I just downloaded Microsoft’s latest OS beta — Windows 7 64bit, which was released to the general public two days ago.
I have not really used Windows Vista on a day to day basis after its release in early 2007. I have been using Linux only at home for quite sometime now and at work we are still using Windows XP. The only Vista installation I have at home is an VM instance which I occasionally fire up to test some Windows only applications. You can read about my experience with Windows Vista here (1,2,3,4,5,6) and why I did not switch to Windows Vista here.
The download was rather large, coming at 3.2GB. I did not experience any problems downloading the bits though. The installation process for Windows 7 is quite straight forward. It installed under VMWare Workstation 6.5.1 without any glitch and the installation took just around 15 minutes. VMWare Workstation automatically recognized the installation disk as Windows Vista 64bit and even automatically configured the VMWare Tools (e.g. for video acceleration) without any problem. It seems from the start that Windows 7 is just an updated Windows Vista.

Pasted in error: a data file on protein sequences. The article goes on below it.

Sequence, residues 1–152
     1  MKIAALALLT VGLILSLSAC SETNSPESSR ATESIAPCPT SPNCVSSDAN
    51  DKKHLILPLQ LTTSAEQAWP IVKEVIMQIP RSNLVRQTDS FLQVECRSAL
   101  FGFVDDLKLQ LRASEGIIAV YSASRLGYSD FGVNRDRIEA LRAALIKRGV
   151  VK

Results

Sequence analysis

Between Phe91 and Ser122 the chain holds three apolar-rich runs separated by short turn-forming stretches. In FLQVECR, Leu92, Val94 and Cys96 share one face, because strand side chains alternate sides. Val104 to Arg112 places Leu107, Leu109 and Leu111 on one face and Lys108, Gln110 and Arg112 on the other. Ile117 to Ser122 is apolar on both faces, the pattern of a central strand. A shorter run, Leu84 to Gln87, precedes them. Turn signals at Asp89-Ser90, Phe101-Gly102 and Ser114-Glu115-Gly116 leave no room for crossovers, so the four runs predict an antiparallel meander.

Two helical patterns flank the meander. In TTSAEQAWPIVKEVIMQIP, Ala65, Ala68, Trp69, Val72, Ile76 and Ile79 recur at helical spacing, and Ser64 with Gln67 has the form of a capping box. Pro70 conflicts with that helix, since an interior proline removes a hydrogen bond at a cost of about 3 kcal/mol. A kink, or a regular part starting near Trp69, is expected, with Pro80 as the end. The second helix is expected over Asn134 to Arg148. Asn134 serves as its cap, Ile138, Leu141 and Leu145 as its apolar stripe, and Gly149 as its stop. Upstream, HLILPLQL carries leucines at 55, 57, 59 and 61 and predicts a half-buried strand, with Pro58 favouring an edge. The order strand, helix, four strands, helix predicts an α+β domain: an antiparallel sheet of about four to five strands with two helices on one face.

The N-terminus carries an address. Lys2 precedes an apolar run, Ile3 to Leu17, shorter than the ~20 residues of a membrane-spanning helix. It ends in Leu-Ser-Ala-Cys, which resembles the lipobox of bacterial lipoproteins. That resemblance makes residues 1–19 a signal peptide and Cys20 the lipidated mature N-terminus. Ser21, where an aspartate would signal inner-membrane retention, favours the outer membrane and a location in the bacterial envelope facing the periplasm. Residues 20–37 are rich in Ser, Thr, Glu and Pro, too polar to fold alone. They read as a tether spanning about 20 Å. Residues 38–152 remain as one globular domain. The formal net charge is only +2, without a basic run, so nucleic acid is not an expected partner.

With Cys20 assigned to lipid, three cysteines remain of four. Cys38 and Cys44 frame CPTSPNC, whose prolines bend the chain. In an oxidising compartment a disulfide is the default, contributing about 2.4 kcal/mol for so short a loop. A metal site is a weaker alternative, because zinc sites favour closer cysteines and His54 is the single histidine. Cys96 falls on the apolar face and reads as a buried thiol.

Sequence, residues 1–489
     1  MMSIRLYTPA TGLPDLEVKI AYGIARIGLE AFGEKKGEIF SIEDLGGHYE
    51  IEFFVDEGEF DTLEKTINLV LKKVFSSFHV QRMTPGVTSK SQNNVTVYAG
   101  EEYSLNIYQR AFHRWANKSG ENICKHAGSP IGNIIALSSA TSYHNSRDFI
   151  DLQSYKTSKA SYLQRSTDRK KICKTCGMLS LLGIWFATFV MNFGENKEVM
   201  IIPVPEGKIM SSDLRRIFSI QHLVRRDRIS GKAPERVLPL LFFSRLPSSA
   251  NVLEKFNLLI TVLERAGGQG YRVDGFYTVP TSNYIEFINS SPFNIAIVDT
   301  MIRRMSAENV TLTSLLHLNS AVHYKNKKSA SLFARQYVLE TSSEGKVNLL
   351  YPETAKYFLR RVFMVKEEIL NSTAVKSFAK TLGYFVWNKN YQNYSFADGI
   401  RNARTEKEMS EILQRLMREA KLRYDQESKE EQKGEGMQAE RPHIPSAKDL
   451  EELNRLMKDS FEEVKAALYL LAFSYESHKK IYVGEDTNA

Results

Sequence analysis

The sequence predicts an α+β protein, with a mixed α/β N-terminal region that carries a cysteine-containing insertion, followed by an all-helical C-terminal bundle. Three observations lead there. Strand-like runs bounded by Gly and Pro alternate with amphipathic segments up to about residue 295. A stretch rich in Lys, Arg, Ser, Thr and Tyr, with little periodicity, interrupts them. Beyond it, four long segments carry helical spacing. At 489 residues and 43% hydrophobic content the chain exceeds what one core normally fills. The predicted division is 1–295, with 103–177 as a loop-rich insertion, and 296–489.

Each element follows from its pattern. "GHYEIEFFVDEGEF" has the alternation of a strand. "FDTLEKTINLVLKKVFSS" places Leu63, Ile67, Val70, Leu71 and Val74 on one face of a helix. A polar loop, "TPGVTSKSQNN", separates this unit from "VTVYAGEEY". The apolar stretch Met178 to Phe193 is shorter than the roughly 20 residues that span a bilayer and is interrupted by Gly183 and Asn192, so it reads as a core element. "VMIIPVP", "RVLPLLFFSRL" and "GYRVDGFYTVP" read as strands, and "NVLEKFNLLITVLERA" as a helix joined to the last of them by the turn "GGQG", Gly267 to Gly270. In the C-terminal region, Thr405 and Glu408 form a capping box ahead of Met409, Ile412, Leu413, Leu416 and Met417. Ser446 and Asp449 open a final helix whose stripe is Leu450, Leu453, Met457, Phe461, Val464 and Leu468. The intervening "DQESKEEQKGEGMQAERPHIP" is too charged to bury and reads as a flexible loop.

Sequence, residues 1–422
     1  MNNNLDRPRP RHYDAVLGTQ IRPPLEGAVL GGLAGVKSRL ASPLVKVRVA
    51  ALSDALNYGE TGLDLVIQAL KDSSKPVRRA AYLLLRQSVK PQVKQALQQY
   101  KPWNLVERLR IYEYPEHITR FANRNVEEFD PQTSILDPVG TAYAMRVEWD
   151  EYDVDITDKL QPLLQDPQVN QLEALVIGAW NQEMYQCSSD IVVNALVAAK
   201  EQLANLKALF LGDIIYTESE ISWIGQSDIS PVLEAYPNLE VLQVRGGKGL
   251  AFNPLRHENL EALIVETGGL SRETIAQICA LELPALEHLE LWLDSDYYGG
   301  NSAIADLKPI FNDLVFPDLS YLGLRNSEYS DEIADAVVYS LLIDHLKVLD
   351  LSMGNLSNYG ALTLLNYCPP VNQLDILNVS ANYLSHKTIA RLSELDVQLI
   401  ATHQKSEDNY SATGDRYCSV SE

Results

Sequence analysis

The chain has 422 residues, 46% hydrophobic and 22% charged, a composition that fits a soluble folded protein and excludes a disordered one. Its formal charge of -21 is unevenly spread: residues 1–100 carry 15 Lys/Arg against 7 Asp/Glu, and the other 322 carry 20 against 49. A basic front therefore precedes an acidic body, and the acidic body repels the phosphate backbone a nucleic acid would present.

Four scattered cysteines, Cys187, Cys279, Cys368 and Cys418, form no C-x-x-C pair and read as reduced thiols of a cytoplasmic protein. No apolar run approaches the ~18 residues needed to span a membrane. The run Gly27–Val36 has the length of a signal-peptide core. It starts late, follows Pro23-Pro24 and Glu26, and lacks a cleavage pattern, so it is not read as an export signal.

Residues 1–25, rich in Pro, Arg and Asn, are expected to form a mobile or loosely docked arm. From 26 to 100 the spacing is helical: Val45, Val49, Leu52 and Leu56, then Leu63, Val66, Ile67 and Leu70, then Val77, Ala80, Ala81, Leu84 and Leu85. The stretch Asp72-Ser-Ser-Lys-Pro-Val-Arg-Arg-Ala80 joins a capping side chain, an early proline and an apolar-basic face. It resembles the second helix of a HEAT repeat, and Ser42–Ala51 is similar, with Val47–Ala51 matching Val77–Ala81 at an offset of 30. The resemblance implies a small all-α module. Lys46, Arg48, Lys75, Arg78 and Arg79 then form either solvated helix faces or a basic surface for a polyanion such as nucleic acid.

As Microsoft’s latest operating system, there is no doubt that Windows 7 comes with many "new" and improved features. I found this blog on ZDNet which discusses a few important ones. Perhaps the most noticeable change is the new task bar, which looks awfully similar to Gnome’s panel. After playing around for a while, I am still not sure what to make of it. Some of the new features this new task bar provides can be quite confusing. For instance, when an application is pinned onto the new task bar, it is very hard to tell whether or not the icon has any active instances associated with it (e.g. any opened applications). Besides the new task bar, other changes are quite subtle (OK, there are some new applications, like IE8 and the revamped calculator and wordpad, I am concentrating on the OS here).
The Windows 7 64bit installation comes at just under 10GB, versus the 11GB footprint Windows Vista had. Clearly, Microsoft had done some tweaking and optimizations to reduce the OS footprint and improve the OS performance. To me those are just some small evolutionary steps built onto Windows Vista. Maybe the version number can tell it all. Under Windows 7 command prompt, type in ver and you get:
And in Windows Vista, the version number is:
So if Windows Vista is simply just Windows 6.1.7000, it may as well just be an updated Windows Vista (6.0.6001) no matter what Microsoft tells you.